aerobic

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aer·o·bic

(ār-ō'bik),
1. Living in air.
2. Relating to an aerobe.
Synonym(s): aerophilic, aerophilous

aerobic

/aer·o·bic/ (ār-o´bik)
1. having molecular oxygen present.
2. growing, living, or occurring in the presence of molecular oxygen.
3. requiring oxygen for respiration.
4. designed to increase oxygen consumption by the body.

aerobic

(â-rō′bĭk)
adj.
1. Biology
a. Living or occurring only in the presence of free oxygen: aerobic bacteria.
b. Of or relating to aerobes.
2. Involving or improving oxygen consumption by the body: aerobic exercise.
3. Relating to or used in aerobics: aerobic shoes.

aer·o′bi·cal·ly adv.

aerobic

[erō′bik]
1 pertaining to the presence of air or oxygen.
2 able to live and function in the presence of free oxygen.
3 requiring oxygen for the maintenance of life.
4 a chemical requiring the presence of oxygen.

Aerobic

adjective Metabolism Referring to processes that occur in the presence of O2.
Microbiology Referring to growth in the presence of molecular O2, as in aerobic bacteria and aerobic waste treatment.
Physiology Referring to the requirement of O2 for respiration.
Sports medicine Referring to exercise in which energy is supplied by O2 and is required for sustained periods of generally 20 minutes or more with a generally high pulse rate at approximately 80% of one’s maximal rate. Cf Anaerobic

aerobic

adjective Sports medicine Referring to exercise in which energy is supplied by O2 and is required for sustained periods of generally 20 mins or more with a generally high pulse rate at +– 80% of maximum. Cf Anaerobic.

aer·o·bic

(ār-ō'bik)
1. Living in air.
2. Relating to an aerobe.
3. Activity in which oxygen is consumed to produce energy.
Synonym(s): aerophilic, aerophilous, oxidative.

aerobic

1. Of a process that requires gaseous oxygen.
2. Of an organism that is able to live only in the presence of oxygen. Compare anaerobic.
3. Relating to aerobics or AEROBIC EXERCISE.

Aerobic

Exercise training that is geared to provide a sufficient cardiovascular overload to stimulate increases in cardiac output.
Mentioned in: Exercise, Gangrene

aerobic

dependent on oxygen.

aerobic 

Needing oxygen to sustain life. See anaerobic.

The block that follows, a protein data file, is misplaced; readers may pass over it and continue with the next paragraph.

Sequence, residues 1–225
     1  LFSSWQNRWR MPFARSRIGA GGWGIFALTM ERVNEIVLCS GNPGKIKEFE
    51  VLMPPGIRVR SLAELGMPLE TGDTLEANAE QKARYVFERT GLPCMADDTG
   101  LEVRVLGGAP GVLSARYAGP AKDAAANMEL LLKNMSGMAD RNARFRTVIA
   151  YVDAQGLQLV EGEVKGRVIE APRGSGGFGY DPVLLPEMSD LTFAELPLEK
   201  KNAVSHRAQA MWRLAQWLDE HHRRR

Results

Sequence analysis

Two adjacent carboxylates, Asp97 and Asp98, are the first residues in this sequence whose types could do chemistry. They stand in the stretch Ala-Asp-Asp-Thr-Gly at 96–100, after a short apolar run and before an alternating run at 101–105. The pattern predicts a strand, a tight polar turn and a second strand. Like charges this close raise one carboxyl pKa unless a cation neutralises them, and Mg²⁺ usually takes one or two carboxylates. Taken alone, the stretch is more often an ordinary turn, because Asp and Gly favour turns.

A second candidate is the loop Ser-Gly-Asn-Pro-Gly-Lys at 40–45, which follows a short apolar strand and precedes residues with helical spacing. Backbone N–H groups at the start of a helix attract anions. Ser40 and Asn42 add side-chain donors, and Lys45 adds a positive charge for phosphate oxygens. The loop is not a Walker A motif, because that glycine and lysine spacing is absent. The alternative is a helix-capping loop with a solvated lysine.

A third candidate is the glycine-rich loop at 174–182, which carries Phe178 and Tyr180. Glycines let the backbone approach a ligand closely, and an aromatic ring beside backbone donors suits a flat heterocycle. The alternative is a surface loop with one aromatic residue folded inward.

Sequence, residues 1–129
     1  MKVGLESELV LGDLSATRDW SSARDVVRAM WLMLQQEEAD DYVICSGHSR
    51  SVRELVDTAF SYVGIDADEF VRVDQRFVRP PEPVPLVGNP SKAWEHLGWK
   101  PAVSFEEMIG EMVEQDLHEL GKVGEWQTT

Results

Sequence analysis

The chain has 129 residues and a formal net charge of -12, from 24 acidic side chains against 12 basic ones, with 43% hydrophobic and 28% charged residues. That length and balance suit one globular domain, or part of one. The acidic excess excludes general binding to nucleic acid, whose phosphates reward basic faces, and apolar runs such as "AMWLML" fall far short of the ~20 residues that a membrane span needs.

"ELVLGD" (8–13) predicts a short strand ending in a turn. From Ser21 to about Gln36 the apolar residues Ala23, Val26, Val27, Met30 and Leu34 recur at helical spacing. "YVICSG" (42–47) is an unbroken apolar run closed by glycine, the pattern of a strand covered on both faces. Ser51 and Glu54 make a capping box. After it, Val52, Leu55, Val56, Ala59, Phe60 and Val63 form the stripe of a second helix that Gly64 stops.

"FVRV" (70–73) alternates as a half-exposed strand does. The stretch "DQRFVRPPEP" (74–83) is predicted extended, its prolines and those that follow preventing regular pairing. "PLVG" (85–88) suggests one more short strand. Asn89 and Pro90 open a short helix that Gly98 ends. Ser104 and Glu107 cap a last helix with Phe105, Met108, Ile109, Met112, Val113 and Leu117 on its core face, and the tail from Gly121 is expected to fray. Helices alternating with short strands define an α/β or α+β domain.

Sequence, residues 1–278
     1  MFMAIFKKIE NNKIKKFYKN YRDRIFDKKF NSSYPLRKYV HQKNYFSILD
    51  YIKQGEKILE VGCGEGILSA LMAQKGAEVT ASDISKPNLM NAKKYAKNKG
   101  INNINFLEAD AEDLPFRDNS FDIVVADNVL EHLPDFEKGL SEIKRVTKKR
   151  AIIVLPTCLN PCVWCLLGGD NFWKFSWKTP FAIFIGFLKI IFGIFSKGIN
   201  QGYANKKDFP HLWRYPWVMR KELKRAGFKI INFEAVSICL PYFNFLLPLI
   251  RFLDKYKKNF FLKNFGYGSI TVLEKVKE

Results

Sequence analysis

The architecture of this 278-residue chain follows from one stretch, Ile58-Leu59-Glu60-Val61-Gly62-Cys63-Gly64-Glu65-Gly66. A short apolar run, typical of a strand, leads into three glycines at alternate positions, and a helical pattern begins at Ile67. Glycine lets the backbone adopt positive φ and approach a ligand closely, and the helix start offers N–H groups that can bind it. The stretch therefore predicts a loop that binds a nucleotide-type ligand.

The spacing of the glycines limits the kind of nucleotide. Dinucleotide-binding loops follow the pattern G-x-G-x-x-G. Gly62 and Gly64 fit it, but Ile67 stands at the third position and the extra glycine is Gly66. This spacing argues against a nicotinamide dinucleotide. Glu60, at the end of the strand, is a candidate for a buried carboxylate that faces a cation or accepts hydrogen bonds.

aer·o·bic

(ār-ō'bik)
1. Living in air.
2. Relating to an aerobe.

aerobic

a microbe or microbiological process that functions fully only in the presence of free oxygen.

aerobic effluent treatment
the activated sludge method of handling sewage and abattoir effluent.
aerobic exercise
moderate exercise performed in the circumstance where the blood supply is able to maintain an adequate supply of oxygen to the tissues during the exercise.

Patient discussion about aerobic

Q. I feel comfortable with a gym and sports and I don’t like aerobics. Which one is good? I am 22 years old and my dad is diabetic. He is having very severe diabetes. He takes insulin injection ever day. He says that I must keep an active and healthy lifestyle and this will keep me fit. If I have any chances of diabetes it will be reduced. He tells me to play every day and do aerobics and to carry this till my old age. But I feel comfortable with a gym and sports and I don’t like aerobics. Which one is good?

A. Gym is to make your muscles to have good endurance. But sports keep you active and give you complete body fitness. Aerobics is good for your heart, muscles and lungs. What I would say is that if you have time you can do both aerobic and gym. Keep playing throughout your life. This will keep you fit and it reduces the occurrence of diabetes as well.
http://www.youtube.com/watch?v=aDV2ONpdut0&eurl=http://www.imedix.com/health_community/vaDV2ONpdut0_sitting_bounce_airobics?q=aerobic&feature=player_embedded

Q. Regular participation in aerobic exercise lowers an individual's risk of developing cancer? I am a regular participant of aerobic, so the regular participation in aerobic exercise lowers an individual's risk of developing cancer?

A. You have some reason to be happy. Research suggests that exercise often modifies some of the risk factors associated with certain kinds of cancer. Obesity has been linked to cancer of the breast and the female reproductive system. Regular exercise has been shown to help promote weight loss. Several studies have also found that men who worked at sedentary jobs for most of their lives had a greater incidence of colon cancer than those in more active jobs. Exercise will not compensate the effects of a high-fat diet or smoking. Still it can contribute, even indirectly, to a reduced risk of cancer. As such, exercising regularly is recommended by the ACS [American Cancer Society] as an integral part of its cancer prevention program.

Q. Does anyone have any experience or suggestions regarding aerobic exercise post DVT and/or PE?

A. drink a lot of water and be aware. if you take your meds i think there shouldn't be a problem, but i strongly recommend asking your physician about it. he knows you and the problem and can give you a much much better answer.

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